Although we (obviously) had thousands of artists and/or bands to choose from, we decided to narrow things down to a mere 32 names, which is perfect for a month's worth of intense — and fun (it's supposed to be fun, people!) matchups. All the artists were carefully selected by Guitar World's entire editorial staff.

    Most importantly, note that this poll involves ONLY still-existing bands, so you won't get to watch the Doors duke it out with Led Zeppelin! Pantera will not go head to head with Cream. The Jimi Hendrix Experience will not compete with ... you get the idea.

    Here are our 32 artists, in alphabetical order:

    AC/DC, Aerosmith, Alice Cooper, the Allman Brothers Band, Black Sabbath, Dillinger Escape Plan, Eagles, Foo Fighters, Guns N’ Roses, Iron Maiden, Jack White, Kiss, Korn, Metallica, Muse, Nine Inch Nails, Paul McCartney, Pearl Jam, Phish, Queen, Radiohead, Rammstein, Red Hot Chili Peppers, the Rolling Stones, Rush, Slayer, Slipknot, Soundgarden, Tool, U2, Van Halen and ZZ Top.


    Here's how the bracket was — very unscientifically — compiled:

    We drew the artists' names out of a hat (It was, in fact, a Quebec Nordiques baseball-style cap) to help us create our bracket, which is available for your viewing pleasure below. Obviously, none of these of bands are ranked or come from a previously compiled list, so we chose purely random matchups to have as little impact as possible on the final outcome. We're actually pretty pleased with the way the bracket turned out!

    Remember that, as with any poll, genre might occasionally clash against genre, so you'll just need to decide which artist has (or has had) the most to offer within his/their genre, perhaps which one has or had more natural talent or technical skill, which one had the biggest influence on other live acts, etc.

    Let's get started! As always, you can vote only once per matchup (once per device, that is), and we'll be posting matchups pretty much every day of the month, sometimes more than once per day, just to give you an early warning!

    The first matchup finds Metallica going head to head with Slayer!

    Head HERE to see every matchup so far.

    Behold the Current Bracket!

    GW Battle of the Live Bands

    Vote Now!

    Today, we kick things off with Metallica vs. Slayer. We don't need to tell you about these bands! We'll just let the videos below do the talking! Be sure to vote below. You have one day!

    Additional Content

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    Electro-Harmonix has unveiled its new Nano Looper 360 pedal.

    From the company:

    The NanoLooper 360 is a small, extremely easy-to- use, pedal looper with a total of 360 seconds of loop recording time that can be divided into 11 different loops for maximum flexibility and control.

    With uncompressed audio, 24-bit A/D/A and a44.1kHz sample rate, the 360 Looper delivers high-quality sound and unlimited overdubbing with no degradation in fidelity. The user interface, featuring two knobs, three LEDs and a single footswitch is intuitive and functions such as recording a loop, overdubbing, undo-redo and erasing a loop are quickly mastered.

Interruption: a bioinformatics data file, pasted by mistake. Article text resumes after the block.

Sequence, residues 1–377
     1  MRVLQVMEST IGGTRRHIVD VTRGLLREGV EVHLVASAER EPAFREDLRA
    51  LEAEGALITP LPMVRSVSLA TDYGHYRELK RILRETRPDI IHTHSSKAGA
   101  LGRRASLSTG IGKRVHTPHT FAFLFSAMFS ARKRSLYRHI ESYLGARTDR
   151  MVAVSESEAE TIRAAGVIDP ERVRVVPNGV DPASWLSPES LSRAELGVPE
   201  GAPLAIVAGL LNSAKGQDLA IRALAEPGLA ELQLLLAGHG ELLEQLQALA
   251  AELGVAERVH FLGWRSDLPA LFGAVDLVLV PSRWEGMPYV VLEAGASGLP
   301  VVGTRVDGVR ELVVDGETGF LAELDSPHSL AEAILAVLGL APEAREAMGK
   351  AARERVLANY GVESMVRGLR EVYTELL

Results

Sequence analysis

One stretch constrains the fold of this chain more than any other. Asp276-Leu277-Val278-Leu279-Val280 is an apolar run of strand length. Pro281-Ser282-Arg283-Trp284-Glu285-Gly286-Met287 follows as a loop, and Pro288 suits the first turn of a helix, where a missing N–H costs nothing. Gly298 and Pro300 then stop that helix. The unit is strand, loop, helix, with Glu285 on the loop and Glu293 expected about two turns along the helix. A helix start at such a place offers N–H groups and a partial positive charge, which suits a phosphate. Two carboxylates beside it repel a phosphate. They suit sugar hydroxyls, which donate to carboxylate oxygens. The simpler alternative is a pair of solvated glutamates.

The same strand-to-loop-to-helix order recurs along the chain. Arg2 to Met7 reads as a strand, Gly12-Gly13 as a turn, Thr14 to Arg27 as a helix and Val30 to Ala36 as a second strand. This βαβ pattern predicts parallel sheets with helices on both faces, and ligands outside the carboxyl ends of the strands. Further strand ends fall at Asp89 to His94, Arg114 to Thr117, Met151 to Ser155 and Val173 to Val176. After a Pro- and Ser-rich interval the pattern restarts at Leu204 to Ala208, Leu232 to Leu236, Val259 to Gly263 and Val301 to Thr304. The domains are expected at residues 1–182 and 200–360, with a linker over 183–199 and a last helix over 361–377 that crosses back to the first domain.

The Level knob controls the output level of the loop. The dry signal remains at unity from input to output. The Loop knob is numbered and allows the user to select from 11 different loop locations. To record a loop, simply select an empty bank and press the footswitch once. The REC (recording) LED lights solid and recording starts immediately. When the footswitch is pressed again, the recording stops, and the loop will play indefinitely. Pressing the footswitch two times stops the playback.

    Overdubbing is easy. When a loop is playing, pressing the footswitch once lets the user record on top of the original material and does not change its length. After finishing an overdub, the Undo-Redo function is enabled and allows the user to remove the last take. To undo an overdub during playback, simply press and hold the footswitch for one second.

    To redo the overdubduring playback, i.e. restore the last take, press and hold the footswitch for one second again. To erase a loop, playback must be stopped and the footswitch depressed for two seconds. All recorded audio is stored automatically to the NanoLooper 360’s internal memory and all recorded loops remain in memory until they are erased.

    With the NanoLooper 360, EHX’s goal was to build an affordable looping pedal that would function as an easy to use, song creation and performance tool. The new NanoLooper 360 can use a 9 Volt alkaline battery, but comes standard with an EHX 9.6-Volt/DC200mA AC adapter. It carries a U.S. list price of $179.99.

    For more info, visit ehx.com.


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    Faith No More are recording their first new album in 18 years.

    This new album, which due in April 2015, is being recorded in an Oakland, California, studio with bassist Billy Gould handling production. The release will be the first from Faith No More’s new imprint, Reclamation Recordings, which will be distributed by vocalist Mike Patton's Ipecac Recordings.

    "We’ve always shared a chemistry between ourselves that’s unique to this band, but these past few years of touring together have made us aware that we not only play better as a unit—but we like the new stuff we’re coming up with," Gould said. "So we’ve decided—we’re going to get busy in 2015…make an album we’re proud of, kick things up a notch, get out there and perform it and maybe even dedicate a little more focus to our fans in the States this time."